Problems of deflation

deflation-inflation-20s-30s

Deflation is defined as a fall in the general price level. It is a negative rate of inflation. The problem with deflation is that often it can contribute to lower economic growth. This is because deflation increases the real value of debt – and therefore reducing the spending power of firms and consumers. Also, falling …

Read moreProblems of deflation

Does inflation cause unemployment?

Readers Question: Does inflation causes unemployment?

There are a few different scenarios where inflation can cause unemployment. However, there is not a direct link. Often we will notice a trade-off between inflation and unemployment – e.g. in a period of strong economic growth and falling unemployment; we see a rise in inflation – see Phillips Curve.

phillips-curve-arrow

Also, it is important to bear in mind, (especially in the current climate) If the economy has deflation or very low inflation and the monetary authorities target a modest rate of inflation, then this may help boost growth and reduce unemployment.

Inflation can cause unemployment when:

  1. The uncertainty of inflation leads to lower investment and lower economic growth in the long term.
  2. Inflationary growth is unsustainable leading to a boom and bust economic cycle.
  3. Inflation leads to a decline in competitiveness and lower export demand, causing unemployment in the export sector (especially in a fixed exchange rate).

Inflation creates uncertainty and lower investment

One argument is that a period of high and volatile inflation discourages firms from investing. Because inflation is high, firms are less certain investment will be profitable. It is argued that countries with higher inflation rates tend to have lower investment and therefore lower economic growth. Therefore, if there are poor levels of investment, this could lead to higher unemployment in the long term.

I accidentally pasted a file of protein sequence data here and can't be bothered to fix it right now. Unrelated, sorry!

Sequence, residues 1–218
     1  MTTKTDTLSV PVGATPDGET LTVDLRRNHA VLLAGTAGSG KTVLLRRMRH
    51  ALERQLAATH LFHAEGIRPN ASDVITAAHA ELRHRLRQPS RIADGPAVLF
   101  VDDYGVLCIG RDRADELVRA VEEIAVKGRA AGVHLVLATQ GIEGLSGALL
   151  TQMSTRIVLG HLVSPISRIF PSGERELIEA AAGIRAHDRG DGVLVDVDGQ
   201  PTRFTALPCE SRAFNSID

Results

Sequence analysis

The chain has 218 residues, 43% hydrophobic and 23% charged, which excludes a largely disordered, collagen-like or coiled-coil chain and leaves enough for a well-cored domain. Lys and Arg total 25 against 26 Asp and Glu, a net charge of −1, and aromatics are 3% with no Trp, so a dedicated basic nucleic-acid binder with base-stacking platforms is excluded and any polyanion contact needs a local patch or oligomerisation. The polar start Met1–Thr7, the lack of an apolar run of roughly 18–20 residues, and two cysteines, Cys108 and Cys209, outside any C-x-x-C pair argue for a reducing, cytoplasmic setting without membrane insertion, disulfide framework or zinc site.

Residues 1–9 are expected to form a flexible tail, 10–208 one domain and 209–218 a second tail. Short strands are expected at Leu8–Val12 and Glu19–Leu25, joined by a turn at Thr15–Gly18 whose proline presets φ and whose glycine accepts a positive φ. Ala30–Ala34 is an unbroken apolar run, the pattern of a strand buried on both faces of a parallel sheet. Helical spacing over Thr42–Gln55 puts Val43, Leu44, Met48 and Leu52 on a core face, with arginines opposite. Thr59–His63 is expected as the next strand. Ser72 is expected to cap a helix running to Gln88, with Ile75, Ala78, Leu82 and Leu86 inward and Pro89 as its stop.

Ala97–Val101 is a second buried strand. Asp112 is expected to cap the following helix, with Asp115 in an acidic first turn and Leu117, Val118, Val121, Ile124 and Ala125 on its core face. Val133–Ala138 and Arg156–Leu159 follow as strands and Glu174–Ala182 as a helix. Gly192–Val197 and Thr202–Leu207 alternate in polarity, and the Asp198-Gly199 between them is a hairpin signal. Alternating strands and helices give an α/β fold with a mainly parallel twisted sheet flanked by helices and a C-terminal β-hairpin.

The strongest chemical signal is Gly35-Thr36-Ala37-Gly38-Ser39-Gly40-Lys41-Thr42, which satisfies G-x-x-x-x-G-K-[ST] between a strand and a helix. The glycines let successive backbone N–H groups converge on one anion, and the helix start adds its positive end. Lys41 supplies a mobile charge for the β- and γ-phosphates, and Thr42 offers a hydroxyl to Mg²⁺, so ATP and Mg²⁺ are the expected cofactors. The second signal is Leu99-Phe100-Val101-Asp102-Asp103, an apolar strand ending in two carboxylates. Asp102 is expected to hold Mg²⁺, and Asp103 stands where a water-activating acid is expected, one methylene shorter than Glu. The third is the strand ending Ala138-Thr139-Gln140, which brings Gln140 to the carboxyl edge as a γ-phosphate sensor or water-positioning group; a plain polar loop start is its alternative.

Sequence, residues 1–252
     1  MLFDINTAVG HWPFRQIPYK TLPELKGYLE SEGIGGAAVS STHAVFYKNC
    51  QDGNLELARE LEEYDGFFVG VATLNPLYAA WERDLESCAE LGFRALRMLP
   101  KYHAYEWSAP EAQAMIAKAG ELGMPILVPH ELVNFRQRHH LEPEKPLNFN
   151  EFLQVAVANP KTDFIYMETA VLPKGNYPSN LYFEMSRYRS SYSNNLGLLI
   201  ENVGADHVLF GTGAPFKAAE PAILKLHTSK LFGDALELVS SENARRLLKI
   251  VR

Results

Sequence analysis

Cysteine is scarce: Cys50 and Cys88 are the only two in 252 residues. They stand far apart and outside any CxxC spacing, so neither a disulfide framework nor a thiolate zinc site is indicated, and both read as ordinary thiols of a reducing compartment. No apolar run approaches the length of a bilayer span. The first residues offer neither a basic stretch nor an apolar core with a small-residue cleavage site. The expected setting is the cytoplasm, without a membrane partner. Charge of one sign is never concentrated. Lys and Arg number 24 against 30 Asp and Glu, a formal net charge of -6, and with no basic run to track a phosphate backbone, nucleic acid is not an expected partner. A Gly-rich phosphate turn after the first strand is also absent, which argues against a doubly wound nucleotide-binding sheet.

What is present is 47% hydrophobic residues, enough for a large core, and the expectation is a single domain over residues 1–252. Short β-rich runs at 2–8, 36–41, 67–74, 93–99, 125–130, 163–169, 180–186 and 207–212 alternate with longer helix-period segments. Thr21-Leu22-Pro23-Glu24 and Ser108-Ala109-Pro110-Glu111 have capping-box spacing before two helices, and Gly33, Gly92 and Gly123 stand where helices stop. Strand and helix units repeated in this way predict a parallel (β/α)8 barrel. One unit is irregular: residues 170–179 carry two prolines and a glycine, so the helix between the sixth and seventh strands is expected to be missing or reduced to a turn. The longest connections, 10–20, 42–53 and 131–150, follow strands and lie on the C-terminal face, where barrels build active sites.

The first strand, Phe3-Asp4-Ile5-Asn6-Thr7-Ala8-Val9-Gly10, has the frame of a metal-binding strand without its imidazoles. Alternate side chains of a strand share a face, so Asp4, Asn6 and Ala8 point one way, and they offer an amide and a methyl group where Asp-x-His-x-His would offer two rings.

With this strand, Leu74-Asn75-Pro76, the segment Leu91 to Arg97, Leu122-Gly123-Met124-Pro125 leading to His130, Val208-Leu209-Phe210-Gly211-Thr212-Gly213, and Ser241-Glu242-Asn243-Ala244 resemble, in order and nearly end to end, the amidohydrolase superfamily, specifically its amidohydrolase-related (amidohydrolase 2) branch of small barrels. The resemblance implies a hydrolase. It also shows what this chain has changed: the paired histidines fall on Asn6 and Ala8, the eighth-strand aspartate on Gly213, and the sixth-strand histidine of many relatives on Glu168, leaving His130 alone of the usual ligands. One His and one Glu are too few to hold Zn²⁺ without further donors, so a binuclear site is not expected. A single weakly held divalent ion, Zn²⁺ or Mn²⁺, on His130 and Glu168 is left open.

It is argued that countries with low inflation rates, such as Germany have enabled a long period of economic stability which helps to attain a long-term low unemployment rate. Low inflation in a country like Germany also helps them to become more competitive within the Eurozone, which also helps create employment and reduce unemployment.

See also: costs of inflation

Read moreDoes inflation cause unemployment?

Should low inflation be the primary objective of economic policy?

The UK government has given the Bank of England an inflation target of CPI 2 % +/-1. The Bank of England is responsible for using monetary policy (e.g. interest rates)  to achieve this goal of low inflation. But, as well as targeting inflation, the Bank of England also has a wider remit of considering objectives …

Read moreShould low inflation be the primary objective of economic policy?

Disinflation – definition and meaning

dinsinflation-cpi-inflation

Definition of disinflation Disinflation is a fall in the inflation rate. It means that the general price level is increasing at a slower rate. When people talk of disinflation, they often mean a period of low inflation. For example, inflation falling below the inflation target of 2%. Between 2011 and 2015, there is a fall …

Read moreDisinflation – definition and meaning

UK Inflation Rate and Graphs

Current UK Inflation Rate

  • CPI inflation rate:  3.1% (headline rate) CPI – D7G7 at ONS
  • (page updated 17 Dec 2017)

Other measures of inflation

  • (CPIH) CPI including owner occupiers’ housing costs – 2.8% (CPIH – L550)
  • RPI – 3.9% (Nov 2017)
  • Factory gate prices (Output prices) 3.3% June 2017 (output prices) ONS